Skip Navigation

Link to  the National Institutes of Health  
The Science of Drug Abuse and Addiction from the National Institute on Drug Abuse Archives of the National Institute on Drug Abuse web site
Go to the Home page
   

Director's Report to the National Advisory Council on Drug Abuse
September, 1995


Research Findings

Clinical and Services Research

Physiological and Subjective Responses to Food Cues as a Function of Smoking Abstinence and Dietary Restraint

Tobacco smokers gain weight after quitting smoking with women usually gaining more weight than men. This weight gain after quitting smoking appears to be from increased eating, especially of sweet-tasting between-meal snacks. The investigators examined the influence of smoking abstinence on physiological (salivary habituation) and subjective (cigarette desire, hunger, taste liking, emotional arousal) responses to food cues in women smokers, 10 each in high or low dietary restraint groups, respectively. Dietary restraint is associated with chronic concerns about weight and dieting to attempt to maintain an unreasonably low body weight and is measured by the Revised Restraint Scale of Herman and Polivy. The subjects were divided into two groups: those who scored >15 (high restraint) and low restrainers who scored <15 on the scale. The salivary responses to taste increased significantly more in high vs. low restraint women smokers during the first trial of taste, especially on the smoking day. However, the salivary habituation to strawberry yogurt was significantly disrupted by smoking abstinence in high restraint women. High restraint women also reported increasing desire for cigarettes and emotional arousal across food taste trials on both days, while the low restraint women reported no changes over trials. Results indicate that brief smoking abstinence attenuates salivary habituation to taste in high restraint women, suggesting a marker for processes responsible for increased food intake after quitting smoking. Repeated exposure to food stimuli may also increase emotional distress in high restraint women smokers, enhancing desire to smoke (Perkins KA, Mitchell SL, Epstein LH, Physiol Behav 58(3):000-000, 1995).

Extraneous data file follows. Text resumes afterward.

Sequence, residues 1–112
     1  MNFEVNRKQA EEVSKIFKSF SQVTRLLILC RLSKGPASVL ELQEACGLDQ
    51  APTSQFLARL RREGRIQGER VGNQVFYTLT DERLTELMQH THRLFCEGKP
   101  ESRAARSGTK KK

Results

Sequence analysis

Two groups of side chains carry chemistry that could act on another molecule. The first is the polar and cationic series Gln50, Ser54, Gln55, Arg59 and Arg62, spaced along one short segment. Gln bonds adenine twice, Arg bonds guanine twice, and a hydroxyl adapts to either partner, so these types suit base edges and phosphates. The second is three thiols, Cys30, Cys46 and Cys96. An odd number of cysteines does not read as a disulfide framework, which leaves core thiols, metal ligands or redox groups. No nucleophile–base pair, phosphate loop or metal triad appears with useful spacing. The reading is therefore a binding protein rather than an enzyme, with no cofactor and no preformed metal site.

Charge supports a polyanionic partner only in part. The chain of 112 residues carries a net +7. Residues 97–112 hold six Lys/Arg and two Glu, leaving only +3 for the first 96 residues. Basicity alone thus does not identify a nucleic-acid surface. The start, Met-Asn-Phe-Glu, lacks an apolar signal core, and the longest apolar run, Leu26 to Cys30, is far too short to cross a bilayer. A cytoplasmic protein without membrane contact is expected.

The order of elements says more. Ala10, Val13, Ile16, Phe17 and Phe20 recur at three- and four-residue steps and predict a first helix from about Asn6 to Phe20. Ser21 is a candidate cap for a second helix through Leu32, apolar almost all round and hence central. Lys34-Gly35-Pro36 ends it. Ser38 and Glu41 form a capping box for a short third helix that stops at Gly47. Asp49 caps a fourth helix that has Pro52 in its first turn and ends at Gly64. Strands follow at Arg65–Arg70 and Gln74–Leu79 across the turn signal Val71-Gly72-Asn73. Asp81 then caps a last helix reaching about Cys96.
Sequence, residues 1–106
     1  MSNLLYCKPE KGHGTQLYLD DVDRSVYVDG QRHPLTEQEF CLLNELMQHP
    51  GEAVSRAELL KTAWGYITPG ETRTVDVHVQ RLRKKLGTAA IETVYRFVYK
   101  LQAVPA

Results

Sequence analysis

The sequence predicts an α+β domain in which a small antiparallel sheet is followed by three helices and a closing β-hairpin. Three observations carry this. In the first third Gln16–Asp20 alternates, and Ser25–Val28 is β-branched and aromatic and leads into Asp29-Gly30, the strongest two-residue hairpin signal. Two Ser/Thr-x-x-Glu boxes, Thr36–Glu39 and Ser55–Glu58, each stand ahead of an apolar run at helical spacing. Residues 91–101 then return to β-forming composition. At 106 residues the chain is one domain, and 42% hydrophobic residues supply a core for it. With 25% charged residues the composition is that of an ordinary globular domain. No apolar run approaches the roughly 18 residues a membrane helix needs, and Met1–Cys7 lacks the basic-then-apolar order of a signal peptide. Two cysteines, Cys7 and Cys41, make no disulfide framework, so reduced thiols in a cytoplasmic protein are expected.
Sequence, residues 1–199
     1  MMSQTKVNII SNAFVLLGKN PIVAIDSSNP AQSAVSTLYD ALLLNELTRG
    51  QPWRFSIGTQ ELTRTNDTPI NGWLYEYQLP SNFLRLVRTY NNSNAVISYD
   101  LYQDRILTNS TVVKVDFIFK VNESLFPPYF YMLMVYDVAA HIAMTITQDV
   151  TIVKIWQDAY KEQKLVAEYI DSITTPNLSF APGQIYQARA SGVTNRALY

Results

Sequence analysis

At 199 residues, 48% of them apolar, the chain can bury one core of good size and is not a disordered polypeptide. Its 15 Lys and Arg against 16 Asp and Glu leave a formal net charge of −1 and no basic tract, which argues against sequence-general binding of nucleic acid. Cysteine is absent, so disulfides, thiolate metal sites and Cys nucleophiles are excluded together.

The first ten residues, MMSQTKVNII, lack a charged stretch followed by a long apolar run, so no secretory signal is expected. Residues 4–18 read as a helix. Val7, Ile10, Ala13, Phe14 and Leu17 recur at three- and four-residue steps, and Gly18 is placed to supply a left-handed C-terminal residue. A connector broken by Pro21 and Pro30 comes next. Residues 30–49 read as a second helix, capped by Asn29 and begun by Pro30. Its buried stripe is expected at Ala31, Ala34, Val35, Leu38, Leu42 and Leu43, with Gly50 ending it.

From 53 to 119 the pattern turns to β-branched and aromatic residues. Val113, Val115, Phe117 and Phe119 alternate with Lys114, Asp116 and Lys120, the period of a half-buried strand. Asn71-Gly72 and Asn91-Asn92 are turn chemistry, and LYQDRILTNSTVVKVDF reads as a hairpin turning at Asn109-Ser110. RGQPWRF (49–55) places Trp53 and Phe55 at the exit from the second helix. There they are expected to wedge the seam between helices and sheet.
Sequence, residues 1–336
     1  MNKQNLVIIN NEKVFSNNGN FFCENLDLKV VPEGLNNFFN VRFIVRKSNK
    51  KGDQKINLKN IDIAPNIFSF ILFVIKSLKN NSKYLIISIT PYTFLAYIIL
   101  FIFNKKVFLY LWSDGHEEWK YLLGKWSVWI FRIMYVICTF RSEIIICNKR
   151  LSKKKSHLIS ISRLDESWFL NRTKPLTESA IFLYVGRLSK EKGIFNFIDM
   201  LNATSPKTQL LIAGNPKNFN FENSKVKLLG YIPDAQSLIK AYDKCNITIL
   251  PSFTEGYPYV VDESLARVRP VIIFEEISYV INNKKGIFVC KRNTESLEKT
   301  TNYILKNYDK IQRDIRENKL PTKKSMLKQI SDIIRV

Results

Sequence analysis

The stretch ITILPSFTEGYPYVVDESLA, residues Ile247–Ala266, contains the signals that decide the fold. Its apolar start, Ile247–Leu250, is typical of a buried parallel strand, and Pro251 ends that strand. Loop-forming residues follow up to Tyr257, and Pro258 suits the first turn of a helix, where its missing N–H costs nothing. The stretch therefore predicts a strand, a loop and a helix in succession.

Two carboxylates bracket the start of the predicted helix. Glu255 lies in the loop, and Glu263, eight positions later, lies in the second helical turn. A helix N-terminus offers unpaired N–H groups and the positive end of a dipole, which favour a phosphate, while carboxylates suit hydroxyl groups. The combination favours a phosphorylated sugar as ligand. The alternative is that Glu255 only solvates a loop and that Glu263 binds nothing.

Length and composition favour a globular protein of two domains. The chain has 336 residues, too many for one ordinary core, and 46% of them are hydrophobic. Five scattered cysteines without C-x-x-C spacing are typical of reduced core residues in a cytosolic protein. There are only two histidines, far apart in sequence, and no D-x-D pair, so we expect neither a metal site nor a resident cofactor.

Individual Variability in Responses to Nicotine:

Individual variability in acute responses to nicotine is generally attributed to stable characteristics of tobacco users such as genetic/constitutional factors (e.g., gender) and chronic environmental experience (behavioral factors). Perkins et al. show that the situational factors such as acute stress or physical activity may also play an important role in variability to nicotine effects. The situational influences may determine why smokers are more likely to smoke under certain conditions, such as high stress. Females may be more responsive than males to non-nicotine stimuli associated with smoking (e.g., sight and taste of smoke). The effects of many psychoactive drugs (including nicotine) on behavior may be strongly determined by the situational context surrounding drug intake (e.g., accompanying environmental and social stimuli, temporal factors), and not simply the pharmacology of the drug. The pre-drug subjective state, ongoing level of physical activity vs. rest, and concurrent drug intake, all are situational factors that may result in individual variability in nicotine's subjective, behavioral, and physiological responses (Perkins, Behavior Genetics, 25(2): 119-132, 1995).